Later on, many mathematicians like Aryabhatta, Bhaskaracharya, Shridhar, etc. were seen in the country. Of them Bhaskara-charya wrote Siddhanth Shiromani in 1150. This great book has four parts: (1) Leelavati, (2) Algebra, (3) Goladhyaya, and (4) Graha Ganit.
In his book Bhaskaracharya, Shri Gunakar Muley writes that Bhaskaracharya has acknowledged the basic eight works of mathematics:
6. Square Root
8. Cube root.
All these mathematical calculations were prevalent in India for thousands of years. However, Bhaskaracharya tells Leelavati a strange thing, ?At the root of all these calculations there are only two basic calculations?rise and fall or increase and decrease. Addition is increasing and subtraction is decreasing. The entire mathematics permeates from these two basic acts.?
These days, the computer solves the biggest and the most difficult calculations in a short time. All calculations are made with only two signs of addition and subtraction (+ and -). These are turned into electric signals i.e., the positive flow for addition and the reverse flow for subtraction. With this, calculations can be made at the speed of lightening. We understand increase, decrease, one and zero today but Bhaskaracharya had the basic knowledge at that time.
These days, mathematics is considered a dry subject. But Bhaskaracharya'sLeelavati is an example of how it can be taught with fun by intermixing it with entertainment, curiosity, etc. Let us see an example from Leelavati:
?From a bunch of pure lotuses? 1/3? 1/5? and 1/6? parts were used for the worship of Shiv, Vishnu and Durga respectively; 1/4 was used to worship Parvati and the 6 that were left, were used for the worship of the guru'sfeet. Now, Leelavati, quickly tell me how many lotus flowers were there in the bunch?? The answer is 120 flowers.
Explaining the square and the cube, Bhaskaracharya says, ?Leelavati, a square shape and its area are called the square. The multiplication of two equal numbers is also called a square. Similarly, the multiplication of three equal numbers is called cube and a solid with 12 compartments and equal arms is also called a cube.?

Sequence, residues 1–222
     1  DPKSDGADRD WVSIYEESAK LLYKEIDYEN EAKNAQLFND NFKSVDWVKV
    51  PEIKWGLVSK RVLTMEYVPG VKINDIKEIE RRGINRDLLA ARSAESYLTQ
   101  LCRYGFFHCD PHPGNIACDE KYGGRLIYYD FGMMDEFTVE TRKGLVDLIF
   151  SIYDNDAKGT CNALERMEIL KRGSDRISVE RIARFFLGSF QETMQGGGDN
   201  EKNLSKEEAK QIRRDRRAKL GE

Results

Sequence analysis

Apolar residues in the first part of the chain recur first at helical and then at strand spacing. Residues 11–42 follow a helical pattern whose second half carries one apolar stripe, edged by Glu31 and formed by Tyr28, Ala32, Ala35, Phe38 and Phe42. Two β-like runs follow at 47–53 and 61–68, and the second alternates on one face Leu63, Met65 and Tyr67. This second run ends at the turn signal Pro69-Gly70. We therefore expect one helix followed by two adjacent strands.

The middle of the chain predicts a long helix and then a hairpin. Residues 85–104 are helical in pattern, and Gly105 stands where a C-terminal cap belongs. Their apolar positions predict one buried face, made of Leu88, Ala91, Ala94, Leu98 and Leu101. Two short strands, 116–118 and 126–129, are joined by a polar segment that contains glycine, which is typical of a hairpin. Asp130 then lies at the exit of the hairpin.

?Mool? or root in Sanskrit, meant the root of a tree or plant or, in a more expansive form, it means cause of something or origin also. Hence, in ancient mathematics, square root meant the reason for the square or origin that is one arm of a square. Likewise, we can understand the meaning of cube root in the same way. A number of ways were prevalent to find out the cube root and the square root.
In the same way, Bhaskaracharya mentions the trairashik. It had trinomial sums hence its name. For example, if one gets ?pr? (as in pramaan) in ?ph? (as in phal), then what will we find in ?i? (as in ichchha, that is desire)?
In trairaashik[trinomial] questions, the phal number should be multiplied by the ichchha number and the result should be divided by the pramaan number. What is thus acquired is the itccha phal (desired fruit). About 2000 years ago, the trairaashik [trinomial] rule was discovered in India. It reached the Arab countries in the 8th century AD. The Arab mathematicians called the trairaashik ?free raashikaat al hind?. Later, it spread to Europe where it was given the title of the Golden Rule.
The ancient mathematicians had knowledge not only of the trairaashik but also of the pancharaashik, saptaraashik and the navaraashik. (penta-or quinqnomial, hepta or septunomial and nonomial)
India is the birthplace of algebra. It was called indistinct or cryptic mathematics. The Arab scholar Moosa-Al-Khawarizmi came to India in the 9th century to learn this and wrote a book called Alijeb Oyal Muquabila. Thence, this knowledge went to Europe.
In ancient times, mathematicians such as Aapastamba, Bodhaayan, Katyaayan and later, Brahmagupta and Bhaskaracharya worked on algebra.
Bhaskaracharya says that algebra means unexpressed mathematics but the initial reason is expressed. Hence, in Leelavati, arithmetic, which has expressed mathematics, was discussed at the start.
In algebra, Bhaskaracharya talks about zero and infinity.
Vadha au viyat khan khenadhaate, khaharo bhavet khen bhaktashch raashih
This means that if zero is divided by any number or multiplied by any number, the result is zero. If any number is divided by zero, the result is infinity.
Zero and infinity are the two precious jewels of mathematics. Life can continue without jewels but mathematics is nothing without zero and infinity.
Zero and infinity have no place or name in the physical world and are only the creations of the human mind. Yet, through the medium of mathematics and science, they clarify even the most difficult mysteries of the world.
Brahmagupta discovered various equations. He gave them the names of ek varna, anek varna, madhyamaharan and mapit. There is one unknown number in an ek varna equation and many unknown numbers in anek varna.
(This book is available with Ocean Books (P) Ltd, 4/19 Asaf Ali Road, New Delhi-110 002.)